The mandibles of the larval jewel beetle are as hard as some stainless steels by sheathing chitin fibers in protein and cross-linking.

Larval jewel beetles spend up to five years boring through hardwood before metamorphosizing into adult beetles and emerging. The mandibles they produce must be strong enough to chew through the tough acacia wood. Most arthropods and invertebrates incorporate minerals and transition metals into such structures that demand extreme strength and hardness (e.g., beaks, jaws, shells) and this addition has been long considered crucial to their physical properties. However, the larval jewel beetle's mandible is stronger than most metal-laden biomaterials yet contains only carbon-based, organic materials. Amazingly, this material is composed of fibers of crystalline chitin sheathed in proteins that cross-link and harden.


"The arthropod cuticle is a remarkable and versatile biological material commonly composed of chitin and proteins…The larval jewel beetle, Pseudotaenia frenchi, [produces a mandible that] a form of cuticle which is devoid of transition metals or mineralization...Arthropod cuticle is a biological material that can be soft and flexible, allowing expansion. Alternatively, it can be tanned to a darker, harder and stiffer product, as found in jaws, claws and other regions...Where the cuticle is composed of chitin and proteins, chitin is present as a fibrous phase of crystalline nanofibrils with a variety of proteins present that sleeve and cross-link these fibrils. Sclerotization, or tanning, is the hardening and stiffening of the cuticle...The addition of calcium salts (biomineralization) is well established in the brittle, shell-like carapace of crabs and other crustaceans...When transition metals (e.g. zinc and manganese) and halogens (e.g. chlorine and bromine) are present in non-mineralized cuticle this correlates with an increase in hardness, and often with stiffness. Halogens are integral in systems incorporating transition metals...Transition metals occur in locally hardened cuticle, such as in the cutting or grinding edges of some insect mandibles or the jaws of marine polychaetes...while tanned cuticles of mandibles that lack transition metals perform well, they do not reach levels equivalent to those containing transition metals... [the larval jewel beetle] demonstrates that chitin-based biological materials devoid of biomineralization or metal incorporation can achieve better performance than previously documented." (Cribb et al. 2010:3152)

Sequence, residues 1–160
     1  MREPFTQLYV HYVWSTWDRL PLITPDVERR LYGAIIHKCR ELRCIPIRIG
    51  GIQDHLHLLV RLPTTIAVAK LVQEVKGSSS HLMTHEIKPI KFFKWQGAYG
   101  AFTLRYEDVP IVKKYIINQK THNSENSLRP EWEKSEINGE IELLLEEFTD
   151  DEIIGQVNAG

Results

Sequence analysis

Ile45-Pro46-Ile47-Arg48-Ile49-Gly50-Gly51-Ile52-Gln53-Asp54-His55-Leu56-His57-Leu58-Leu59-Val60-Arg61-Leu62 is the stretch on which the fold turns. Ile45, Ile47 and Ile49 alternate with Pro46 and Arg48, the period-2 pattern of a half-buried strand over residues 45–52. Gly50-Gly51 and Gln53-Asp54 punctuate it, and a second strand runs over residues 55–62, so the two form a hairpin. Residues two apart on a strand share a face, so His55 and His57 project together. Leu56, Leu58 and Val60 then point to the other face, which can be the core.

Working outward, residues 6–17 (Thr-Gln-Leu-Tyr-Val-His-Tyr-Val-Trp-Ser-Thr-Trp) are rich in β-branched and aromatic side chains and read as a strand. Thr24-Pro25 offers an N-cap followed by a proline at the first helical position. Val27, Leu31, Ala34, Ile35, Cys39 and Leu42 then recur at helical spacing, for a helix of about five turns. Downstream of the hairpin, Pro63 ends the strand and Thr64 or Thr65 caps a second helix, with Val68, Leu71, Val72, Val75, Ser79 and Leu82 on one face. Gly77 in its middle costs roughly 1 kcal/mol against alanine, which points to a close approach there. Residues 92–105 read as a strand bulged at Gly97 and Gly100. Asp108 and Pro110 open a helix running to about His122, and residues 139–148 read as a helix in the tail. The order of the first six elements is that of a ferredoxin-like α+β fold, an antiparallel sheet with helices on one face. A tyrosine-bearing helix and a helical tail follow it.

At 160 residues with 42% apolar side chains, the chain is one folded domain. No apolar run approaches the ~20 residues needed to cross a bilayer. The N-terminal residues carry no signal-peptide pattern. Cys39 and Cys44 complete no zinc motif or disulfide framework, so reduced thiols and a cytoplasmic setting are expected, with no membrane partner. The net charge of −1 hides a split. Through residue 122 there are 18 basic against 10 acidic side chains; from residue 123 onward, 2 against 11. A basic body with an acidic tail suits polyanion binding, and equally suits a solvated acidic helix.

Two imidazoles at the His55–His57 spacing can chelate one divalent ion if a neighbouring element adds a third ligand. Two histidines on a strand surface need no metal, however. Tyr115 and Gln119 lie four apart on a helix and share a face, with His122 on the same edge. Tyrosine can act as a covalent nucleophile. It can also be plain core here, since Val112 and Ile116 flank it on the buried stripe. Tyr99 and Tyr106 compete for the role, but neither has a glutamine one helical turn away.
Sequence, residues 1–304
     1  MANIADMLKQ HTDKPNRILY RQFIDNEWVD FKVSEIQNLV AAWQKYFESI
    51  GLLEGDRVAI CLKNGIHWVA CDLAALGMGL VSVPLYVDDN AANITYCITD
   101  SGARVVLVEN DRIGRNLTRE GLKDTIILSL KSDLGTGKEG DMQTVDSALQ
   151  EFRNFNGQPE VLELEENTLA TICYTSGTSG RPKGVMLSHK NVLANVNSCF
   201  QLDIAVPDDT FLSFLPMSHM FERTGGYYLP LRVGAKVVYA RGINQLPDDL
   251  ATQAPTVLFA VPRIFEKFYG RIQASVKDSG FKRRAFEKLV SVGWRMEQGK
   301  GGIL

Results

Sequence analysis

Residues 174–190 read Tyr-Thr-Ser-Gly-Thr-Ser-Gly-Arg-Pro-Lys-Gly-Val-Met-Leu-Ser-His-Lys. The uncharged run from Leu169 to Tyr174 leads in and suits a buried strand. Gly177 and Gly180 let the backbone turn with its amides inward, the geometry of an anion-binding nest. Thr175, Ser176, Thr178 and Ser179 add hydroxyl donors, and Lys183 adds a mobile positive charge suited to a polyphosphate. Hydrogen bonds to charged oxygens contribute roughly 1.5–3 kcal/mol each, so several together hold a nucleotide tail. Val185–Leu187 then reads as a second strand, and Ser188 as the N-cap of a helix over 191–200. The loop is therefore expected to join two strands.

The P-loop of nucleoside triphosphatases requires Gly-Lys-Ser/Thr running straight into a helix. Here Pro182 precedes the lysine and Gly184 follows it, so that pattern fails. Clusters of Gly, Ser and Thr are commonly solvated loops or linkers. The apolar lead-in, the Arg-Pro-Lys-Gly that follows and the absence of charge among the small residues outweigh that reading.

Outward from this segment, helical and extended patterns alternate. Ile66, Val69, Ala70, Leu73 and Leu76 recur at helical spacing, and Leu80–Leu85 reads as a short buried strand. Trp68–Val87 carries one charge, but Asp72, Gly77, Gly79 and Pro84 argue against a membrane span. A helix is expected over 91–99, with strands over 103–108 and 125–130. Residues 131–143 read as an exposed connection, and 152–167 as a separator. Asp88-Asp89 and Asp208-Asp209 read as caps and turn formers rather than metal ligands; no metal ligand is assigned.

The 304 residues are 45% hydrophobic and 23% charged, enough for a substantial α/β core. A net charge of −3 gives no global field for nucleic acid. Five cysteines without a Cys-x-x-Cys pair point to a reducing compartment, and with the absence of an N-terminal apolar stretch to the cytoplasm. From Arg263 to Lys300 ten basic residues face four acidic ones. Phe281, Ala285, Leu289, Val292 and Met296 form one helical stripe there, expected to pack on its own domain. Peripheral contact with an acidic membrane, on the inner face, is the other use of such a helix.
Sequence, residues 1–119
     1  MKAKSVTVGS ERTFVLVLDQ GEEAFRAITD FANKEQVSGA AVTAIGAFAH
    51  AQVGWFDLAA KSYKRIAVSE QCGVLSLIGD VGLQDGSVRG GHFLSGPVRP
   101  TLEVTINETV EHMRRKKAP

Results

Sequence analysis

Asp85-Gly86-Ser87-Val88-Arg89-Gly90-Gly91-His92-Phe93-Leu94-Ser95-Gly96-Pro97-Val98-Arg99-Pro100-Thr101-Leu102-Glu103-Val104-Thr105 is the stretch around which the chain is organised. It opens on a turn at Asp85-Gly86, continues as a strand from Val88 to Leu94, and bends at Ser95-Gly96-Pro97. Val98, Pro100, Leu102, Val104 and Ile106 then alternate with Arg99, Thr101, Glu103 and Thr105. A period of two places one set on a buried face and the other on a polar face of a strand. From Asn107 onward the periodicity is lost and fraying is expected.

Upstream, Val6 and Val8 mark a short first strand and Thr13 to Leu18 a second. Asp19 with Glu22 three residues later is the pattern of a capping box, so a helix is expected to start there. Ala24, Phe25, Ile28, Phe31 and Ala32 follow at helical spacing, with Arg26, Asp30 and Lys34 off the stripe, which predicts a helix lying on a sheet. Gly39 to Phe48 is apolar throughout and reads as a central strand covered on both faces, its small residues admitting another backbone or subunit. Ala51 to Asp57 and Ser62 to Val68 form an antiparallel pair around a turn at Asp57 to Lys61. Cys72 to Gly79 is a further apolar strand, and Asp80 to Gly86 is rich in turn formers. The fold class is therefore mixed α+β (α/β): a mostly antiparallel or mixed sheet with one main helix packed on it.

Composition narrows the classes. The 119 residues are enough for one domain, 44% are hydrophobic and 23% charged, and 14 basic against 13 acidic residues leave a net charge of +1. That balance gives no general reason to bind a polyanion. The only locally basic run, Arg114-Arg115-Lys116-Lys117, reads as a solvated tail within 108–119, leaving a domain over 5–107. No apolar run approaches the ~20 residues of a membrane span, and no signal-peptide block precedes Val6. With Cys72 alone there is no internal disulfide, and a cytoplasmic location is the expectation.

"The study indicates that a pathway to hardening and sclerotization of cuticle exists which can outperform that achieved through biomineralization or incorporation of transition metals. It demonstrates that arthropod biological materials can achieve better performance than previously considered...sclerotization or tanning of the cuticle is well understood. The amino acid tyrosine is hydroxylated to 3,4-dihydroxyphenylalanine (DOPA) which is decarboxylated to dopamine, which then forms the sclerotization precursors...N-b-alanyldopamine (NBDA)...from excess dopamine...the dark black appearance of the jewel beetle mandibles is more likely to be the result of a high concentration of NBDA taking part in the process of sclerotization...a comparison of larval and adult mandibles from the jewel beetle P. frenchi shows that the manganese-free larval cuticle performs better in terms of hardness than the adult." (Cribb 2010 et al. :3154)

"The larval mandibular cuticle, measured either wet or dry, is harder than many other biological materials noted for their mechanical properties, including the mineralized stone crab carapace. It is also equivalent to the maximal hardness measured for a range of stainless steels." (Cribb et al. 2010:3156)

Journal article
Hardness in arthropod exoskeletons in the absence of transition metalsActa BiomaterialiaNovember 2, 2010
B.W. Cribb, C.-L. Lin, L. Rintoul, R. Rasch, J. Hasenpusch, H. Huang

Metallic Wood-boring BeetleBuprestidaeFamily